The Queen’s Home: Palacio Dar al-Horra, Granada

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In the heart of Albaicin, stretching between the Santa Isabel de la Real Convent and the Zirid wall that encircled the city until the 11th century, you will find Palacio Dar al-Horra.

It is a beautiful well well-preserved 15th-century Nasrid Palace that used to belong to the emperor’s wife – the Queen.

The name translates as ‘home of the honest’ and stands on the grounds of Alcazaba Cadima, the former palace grounds of King Badis. The palace was the residence of Aixa la-Horra, who was the Queen and the mother of the last emir of Granada, Boabdil.

If you have visited Alhambra before, this palace residence will look like a mini version of Alhambra, on a much smaller scale and also missing the intricate architectural details. If you’ve never been to Alhambra on the other hand, it will give you a small taste of what the Nasrid architecture is all about.

In this post I will show you around the palace so you can judge for yourself whether it’s worth a visit, and also take you to a beautiful mirador that’s right next to it.

Let’s jump in!

Mirador de la Lona

Before you arrive at Palacio Dar al-Horra, you will likely pass one of the miradors that are closeby.

The mirador de la Lona is hard to miss as it’s right at the road that will lead you to the Palace, if you’re coming from downtown.

The mirador is on a narrow busy road, so you need to watch out for the traffic. The views are pretty spectacular!

Further down the road if you head towards the Convent of Saint Isabel, you will find another pretty viewpoint where you can also admire the views of Alhambra – Mirador de Santa Isabel la Real.

From the Mirador de la Lona you will walk up the road passed the small square until you will arrive at Palacio Dar al-Horra. More on that further down the article.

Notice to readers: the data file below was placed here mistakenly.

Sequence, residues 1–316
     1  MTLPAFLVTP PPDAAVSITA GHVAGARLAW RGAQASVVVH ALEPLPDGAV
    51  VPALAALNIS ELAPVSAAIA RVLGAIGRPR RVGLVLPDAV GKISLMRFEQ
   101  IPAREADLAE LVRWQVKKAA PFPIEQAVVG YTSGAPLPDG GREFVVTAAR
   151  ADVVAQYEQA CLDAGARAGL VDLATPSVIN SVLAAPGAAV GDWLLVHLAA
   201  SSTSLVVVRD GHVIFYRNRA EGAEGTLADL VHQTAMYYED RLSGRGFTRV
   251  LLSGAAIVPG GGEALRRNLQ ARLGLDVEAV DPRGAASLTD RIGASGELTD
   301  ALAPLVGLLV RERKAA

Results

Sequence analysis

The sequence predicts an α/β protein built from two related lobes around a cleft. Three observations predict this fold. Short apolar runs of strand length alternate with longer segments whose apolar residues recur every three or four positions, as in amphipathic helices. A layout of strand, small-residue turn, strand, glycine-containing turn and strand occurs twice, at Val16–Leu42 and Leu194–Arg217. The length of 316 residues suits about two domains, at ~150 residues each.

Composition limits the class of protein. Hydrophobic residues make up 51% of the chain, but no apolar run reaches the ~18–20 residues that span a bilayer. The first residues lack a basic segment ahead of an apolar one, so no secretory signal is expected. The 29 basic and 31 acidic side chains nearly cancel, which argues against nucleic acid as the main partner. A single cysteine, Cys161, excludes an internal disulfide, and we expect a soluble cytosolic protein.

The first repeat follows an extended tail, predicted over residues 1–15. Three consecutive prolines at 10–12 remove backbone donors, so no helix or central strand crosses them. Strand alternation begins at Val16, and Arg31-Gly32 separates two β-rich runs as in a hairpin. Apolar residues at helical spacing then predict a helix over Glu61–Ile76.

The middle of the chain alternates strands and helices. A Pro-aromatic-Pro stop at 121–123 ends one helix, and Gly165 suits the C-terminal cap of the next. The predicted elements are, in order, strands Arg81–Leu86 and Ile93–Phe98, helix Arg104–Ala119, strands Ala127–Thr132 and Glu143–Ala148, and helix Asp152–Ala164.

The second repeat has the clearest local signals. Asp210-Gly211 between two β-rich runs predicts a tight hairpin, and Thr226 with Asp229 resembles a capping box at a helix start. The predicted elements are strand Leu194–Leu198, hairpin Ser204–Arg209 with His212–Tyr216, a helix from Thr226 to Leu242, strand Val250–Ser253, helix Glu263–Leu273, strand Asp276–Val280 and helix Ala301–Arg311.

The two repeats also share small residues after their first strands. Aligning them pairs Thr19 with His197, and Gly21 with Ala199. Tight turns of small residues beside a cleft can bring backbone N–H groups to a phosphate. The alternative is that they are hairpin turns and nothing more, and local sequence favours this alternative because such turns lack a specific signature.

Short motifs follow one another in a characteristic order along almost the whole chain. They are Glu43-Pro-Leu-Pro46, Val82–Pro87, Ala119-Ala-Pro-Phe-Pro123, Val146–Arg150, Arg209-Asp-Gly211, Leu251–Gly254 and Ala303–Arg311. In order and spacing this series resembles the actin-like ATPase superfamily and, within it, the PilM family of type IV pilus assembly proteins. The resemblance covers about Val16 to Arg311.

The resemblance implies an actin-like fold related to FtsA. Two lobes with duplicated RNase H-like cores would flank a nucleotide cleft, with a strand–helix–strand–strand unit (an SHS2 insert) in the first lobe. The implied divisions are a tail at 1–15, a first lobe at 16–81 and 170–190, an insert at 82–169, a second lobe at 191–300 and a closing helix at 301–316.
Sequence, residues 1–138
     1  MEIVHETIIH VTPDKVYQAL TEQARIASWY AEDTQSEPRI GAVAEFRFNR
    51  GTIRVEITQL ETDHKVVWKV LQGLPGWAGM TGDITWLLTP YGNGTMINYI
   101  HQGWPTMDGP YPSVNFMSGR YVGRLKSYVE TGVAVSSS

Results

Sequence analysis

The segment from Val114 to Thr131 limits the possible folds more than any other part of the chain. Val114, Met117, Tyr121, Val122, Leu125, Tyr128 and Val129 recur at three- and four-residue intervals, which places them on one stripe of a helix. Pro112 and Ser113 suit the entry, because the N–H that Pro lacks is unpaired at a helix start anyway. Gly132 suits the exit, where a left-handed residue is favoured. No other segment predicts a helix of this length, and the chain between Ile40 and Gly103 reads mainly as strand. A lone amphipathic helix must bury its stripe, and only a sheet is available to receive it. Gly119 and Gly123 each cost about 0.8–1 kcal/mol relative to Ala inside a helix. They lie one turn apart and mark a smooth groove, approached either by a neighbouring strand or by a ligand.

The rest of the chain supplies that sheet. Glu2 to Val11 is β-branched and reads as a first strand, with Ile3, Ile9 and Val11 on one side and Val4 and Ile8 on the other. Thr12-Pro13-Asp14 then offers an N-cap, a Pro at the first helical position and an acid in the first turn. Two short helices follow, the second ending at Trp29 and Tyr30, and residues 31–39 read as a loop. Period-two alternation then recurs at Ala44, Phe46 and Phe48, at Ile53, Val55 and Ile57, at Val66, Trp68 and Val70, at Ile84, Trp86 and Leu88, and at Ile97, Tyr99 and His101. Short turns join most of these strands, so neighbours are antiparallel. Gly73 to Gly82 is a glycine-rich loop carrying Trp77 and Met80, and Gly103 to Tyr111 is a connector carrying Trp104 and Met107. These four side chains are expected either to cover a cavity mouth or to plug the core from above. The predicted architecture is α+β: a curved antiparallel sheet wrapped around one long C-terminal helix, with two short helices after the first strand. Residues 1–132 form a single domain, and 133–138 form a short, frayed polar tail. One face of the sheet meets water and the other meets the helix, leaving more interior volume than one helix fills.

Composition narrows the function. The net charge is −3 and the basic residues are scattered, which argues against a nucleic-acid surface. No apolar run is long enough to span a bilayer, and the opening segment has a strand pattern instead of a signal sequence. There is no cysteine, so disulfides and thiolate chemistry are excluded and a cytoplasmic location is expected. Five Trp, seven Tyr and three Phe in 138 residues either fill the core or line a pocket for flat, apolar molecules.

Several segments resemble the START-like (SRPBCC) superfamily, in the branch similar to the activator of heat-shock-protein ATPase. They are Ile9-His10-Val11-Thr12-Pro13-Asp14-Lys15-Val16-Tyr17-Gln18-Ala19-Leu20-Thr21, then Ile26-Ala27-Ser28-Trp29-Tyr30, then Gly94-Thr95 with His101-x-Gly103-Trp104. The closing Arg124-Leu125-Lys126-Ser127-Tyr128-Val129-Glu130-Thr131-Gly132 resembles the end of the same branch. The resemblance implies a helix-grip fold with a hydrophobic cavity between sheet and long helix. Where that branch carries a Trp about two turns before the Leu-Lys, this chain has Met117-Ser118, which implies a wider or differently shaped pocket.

Granada, Spain
Granada, Spain
Granada, Spain
Granada, Spain
Palacio Al Del Horra, Granada

Palacio Dar Al-Horra

The building of the Palace is centred around a rectangular patio with a small water fountain that spills into small corridors accessible from both sides, a traditional style for a Nasrid building that can be seen in many of the courtyards in Alhambra.

The access to the palace is from the outer gardens and cobbled uphill pathway, which will lead you to the main courtyard. From there you can continue exploring to the upper floors from where you will enjoy beautiful views of the Axarea neighbourhood, with San Cristóbal and the Zirid wall visible in the distance, through the spectacular bay window.

The main rooms of the palace were located behind the arcade on the first floor.

There is a small garden to the right next to the building accessible from the lower floors.

Just a short note on accessibility – the grounds of the palace are challenging to walk and there are some very steep steps going up and down the floors, so it’s nearly impossible to get here with a wheelchair or a pram. I visited with a small pram and we had to leave it at the ticket desk.

If you have visited Alhambra before entering this palace will feel very underwhelming in comparison. The palace rooms are empty and all you can admire are the intricate architecture details around the arches and on some of the walls. The gardens was also pretty basic and didn’t look like it was very well maintained.